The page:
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Marine and Ports workers down tools

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About 100 Marine and Ports workers downed tools in Hamilton and Dockyard yesterday morning in a row over new contracts issued to seasonal workers.

The ferry service was disrupted after employees stopped work at about 9am.

They returned before noon, after attending a meeting at Bermuda Industrial Union headquarters led by BIU president Chris Furbert.

Mr Furbert told The Royal Gazette the dispute arose after seven seasonal workers signed extension contracts for this month, only to be swiftly told that the contracts were being rescinded.

Alternative contracts removing basic benefits from the workers were then offered to them, said the union boss.

“Marine and Ports has decided to extend their contract past October 31, but what they are doing is changing the contract altogether,” said Mr Furbert.

“They are giving them a different contract. Some have been there for the last two or three years.

“They now want them to sign a brand new contract which is completely different from the one they had before. The union can’t understand why they are being asked to sign that contract, giving up the benefits they currently have.”

Shinah Simons, vice-president of the Marine and Ports division, said the row began on Monday and escalated yesterday, when the seven staff members were told “they don’t have a job here, because they won’t sign it”.

Mr Simons said the Department of Marine and Ports was short of at least 20 staff members due to government’s hiring freeze. “We need the workers,” he said.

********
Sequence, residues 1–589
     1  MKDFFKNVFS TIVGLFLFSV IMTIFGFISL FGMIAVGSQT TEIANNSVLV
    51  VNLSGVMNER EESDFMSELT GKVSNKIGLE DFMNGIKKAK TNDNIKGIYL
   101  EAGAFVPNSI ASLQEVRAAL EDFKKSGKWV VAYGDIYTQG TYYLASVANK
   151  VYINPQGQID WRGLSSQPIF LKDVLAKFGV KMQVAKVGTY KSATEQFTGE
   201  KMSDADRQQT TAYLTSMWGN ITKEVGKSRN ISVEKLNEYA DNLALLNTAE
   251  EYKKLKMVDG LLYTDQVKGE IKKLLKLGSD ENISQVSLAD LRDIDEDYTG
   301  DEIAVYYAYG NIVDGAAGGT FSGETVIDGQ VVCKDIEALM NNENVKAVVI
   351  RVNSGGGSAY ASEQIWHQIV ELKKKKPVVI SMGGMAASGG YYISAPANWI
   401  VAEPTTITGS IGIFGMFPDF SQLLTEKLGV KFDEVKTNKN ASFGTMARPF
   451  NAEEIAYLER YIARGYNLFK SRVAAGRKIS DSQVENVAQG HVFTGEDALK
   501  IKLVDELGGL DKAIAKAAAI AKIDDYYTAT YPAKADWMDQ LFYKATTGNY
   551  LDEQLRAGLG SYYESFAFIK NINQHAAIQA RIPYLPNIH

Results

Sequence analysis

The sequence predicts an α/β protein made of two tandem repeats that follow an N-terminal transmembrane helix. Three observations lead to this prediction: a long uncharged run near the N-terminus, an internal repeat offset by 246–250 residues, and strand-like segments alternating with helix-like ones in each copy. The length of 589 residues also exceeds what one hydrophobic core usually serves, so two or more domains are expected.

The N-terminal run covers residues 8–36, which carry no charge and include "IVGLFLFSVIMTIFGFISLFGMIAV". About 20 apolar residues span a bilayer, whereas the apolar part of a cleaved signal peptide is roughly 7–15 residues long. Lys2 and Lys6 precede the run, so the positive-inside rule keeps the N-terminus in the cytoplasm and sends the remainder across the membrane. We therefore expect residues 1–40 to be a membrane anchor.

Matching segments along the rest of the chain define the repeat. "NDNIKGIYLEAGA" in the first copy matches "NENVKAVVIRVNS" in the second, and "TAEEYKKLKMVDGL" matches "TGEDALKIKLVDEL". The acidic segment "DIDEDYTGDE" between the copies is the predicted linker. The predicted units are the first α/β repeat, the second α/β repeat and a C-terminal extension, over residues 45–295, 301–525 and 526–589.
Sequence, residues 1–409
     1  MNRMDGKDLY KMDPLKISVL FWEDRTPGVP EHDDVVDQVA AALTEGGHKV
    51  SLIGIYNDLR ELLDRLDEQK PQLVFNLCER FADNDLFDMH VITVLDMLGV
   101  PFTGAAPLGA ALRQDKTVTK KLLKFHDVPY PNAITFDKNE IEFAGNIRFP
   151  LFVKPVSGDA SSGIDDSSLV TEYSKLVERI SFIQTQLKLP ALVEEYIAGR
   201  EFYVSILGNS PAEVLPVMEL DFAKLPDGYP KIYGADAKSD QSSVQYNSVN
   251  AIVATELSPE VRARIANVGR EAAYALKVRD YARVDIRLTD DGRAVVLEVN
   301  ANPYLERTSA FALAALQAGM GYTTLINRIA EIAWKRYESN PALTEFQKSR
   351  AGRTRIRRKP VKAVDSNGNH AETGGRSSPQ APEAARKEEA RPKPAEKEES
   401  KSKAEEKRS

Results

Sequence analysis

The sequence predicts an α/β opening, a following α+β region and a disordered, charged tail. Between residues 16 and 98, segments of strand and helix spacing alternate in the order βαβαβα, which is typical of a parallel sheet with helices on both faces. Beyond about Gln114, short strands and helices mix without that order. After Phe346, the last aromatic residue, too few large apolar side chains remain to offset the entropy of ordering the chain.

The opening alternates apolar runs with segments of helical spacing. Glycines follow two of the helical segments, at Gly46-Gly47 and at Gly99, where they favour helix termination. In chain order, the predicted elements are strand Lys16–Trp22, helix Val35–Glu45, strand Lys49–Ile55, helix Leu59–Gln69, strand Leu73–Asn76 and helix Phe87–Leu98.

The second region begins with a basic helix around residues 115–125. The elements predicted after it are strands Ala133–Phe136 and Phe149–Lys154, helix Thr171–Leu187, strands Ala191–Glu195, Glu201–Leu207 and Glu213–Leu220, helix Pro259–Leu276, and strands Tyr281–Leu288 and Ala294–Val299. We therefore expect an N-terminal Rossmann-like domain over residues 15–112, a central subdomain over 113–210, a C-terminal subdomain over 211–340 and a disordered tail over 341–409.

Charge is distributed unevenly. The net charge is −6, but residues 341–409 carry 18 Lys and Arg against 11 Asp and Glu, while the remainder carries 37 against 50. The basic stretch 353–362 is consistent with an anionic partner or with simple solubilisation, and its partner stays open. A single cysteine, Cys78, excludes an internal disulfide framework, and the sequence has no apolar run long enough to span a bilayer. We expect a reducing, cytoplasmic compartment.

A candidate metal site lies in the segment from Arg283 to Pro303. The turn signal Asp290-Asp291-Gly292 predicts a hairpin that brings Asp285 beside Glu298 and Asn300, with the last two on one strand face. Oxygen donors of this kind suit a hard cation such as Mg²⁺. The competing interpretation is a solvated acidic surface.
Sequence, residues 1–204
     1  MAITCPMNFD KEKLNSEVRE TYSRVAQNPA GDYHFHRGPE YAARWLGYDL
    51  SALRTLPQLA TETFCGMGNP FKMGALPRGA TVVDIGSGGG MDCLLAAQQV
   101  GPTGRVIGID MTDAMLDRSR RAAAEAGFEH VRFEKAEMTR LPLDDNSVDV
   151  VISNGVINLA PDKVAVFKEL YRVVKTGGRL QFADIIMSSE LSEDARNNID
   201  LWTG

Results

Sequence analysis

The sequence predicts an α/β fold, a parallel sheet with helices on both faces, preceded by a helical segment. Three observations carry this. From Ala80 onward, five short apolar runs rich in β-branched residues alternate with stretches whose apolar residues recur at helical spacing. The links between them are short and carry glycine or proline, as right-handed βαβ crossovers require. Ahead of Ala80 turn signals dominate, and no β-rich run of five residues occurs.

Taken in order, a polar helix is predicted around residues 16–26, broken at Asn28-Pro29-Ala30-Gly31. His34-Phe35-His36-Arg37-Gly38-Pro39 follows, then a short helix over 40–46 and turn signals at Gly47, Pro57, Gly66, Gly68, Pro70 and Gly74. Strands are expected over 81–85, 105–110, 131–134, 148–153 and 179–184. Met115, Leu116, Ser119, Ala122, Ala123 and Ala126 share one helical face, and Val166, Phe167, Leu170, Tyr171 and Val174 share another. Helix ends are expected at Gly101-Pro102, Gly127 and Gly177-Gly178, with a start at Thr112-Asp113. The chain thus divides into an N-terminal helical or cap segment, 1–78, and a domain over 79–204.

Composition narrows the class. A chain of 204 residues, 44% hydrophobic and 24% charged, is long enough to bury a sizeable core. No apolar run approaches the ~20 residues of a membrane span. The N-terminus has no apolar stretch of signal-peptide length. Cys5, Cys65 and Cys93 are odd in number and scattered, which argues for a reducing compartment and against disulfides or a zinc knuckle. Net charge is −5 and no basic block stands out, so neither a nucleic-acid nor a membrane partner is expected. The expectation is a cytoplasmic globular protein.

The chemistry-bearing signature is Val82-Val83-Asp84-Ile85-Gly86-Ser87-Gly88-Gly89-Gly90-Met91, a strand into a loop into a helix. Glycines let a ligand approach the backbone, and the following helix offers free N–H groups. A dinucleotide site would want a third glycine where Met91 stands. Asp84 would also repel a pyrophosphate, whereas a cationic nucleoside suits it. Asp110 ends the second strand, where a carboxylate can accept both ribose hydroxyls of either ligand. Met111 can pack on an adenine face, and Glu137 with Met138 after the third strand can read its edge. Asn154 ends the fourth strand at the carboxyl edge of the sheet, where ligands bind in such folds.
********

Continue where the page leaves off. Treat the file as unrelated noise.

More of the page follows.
Torian Morrissey, BIU shop steward for Marine and Ports, added: “We couldn’t run the summer [ferry] schedule without them. We have nobody down in the yard to do maintenance.”

Workers on Front Street in Hamilton and at Dockyard stopped work in support of their colleagues, returning after Mr Furbert told them he and organiser Graham Nesbitt had had fruitful talks with the acting director at Marine and Ports.

Mr Furbert said it was hoped the Government would honour the rescinded contract, with workers getting all the benefits they had previously enjoyed.

The seven workers were hired as “seamen” - an entry-level job which involves manning the boats on the deck. Mr Furbert said the union took particular exception to the term “vendor” being used to describe the workers in the revised contract.

“A vendor to me is a vending machine where you go get a bag of chips or a soda,” he said. “That’s no classification of a worker.”

A spokesman for the Ministry of Tourism, Transport and Municipalities said yesterday afternoon: “The Department of Marine and Ports is back to normal after staff briefly downed tools this morning, interrupting the ferry service in a dispute involving temporary workers.

“The temporary staff were hired for the summer through to the end of October but the department has sought to keep them on.

“The disagreement was related to conditions of employment, going forward, the subject of ongoing talks between the Government and the Bermuda Industrial Union.”

UPDATED: More details and comments about dispute

Back we go: Marine and Ports workers return to work after downing tools (Photograph by Akil Simmons)
BIU president Chris Furbert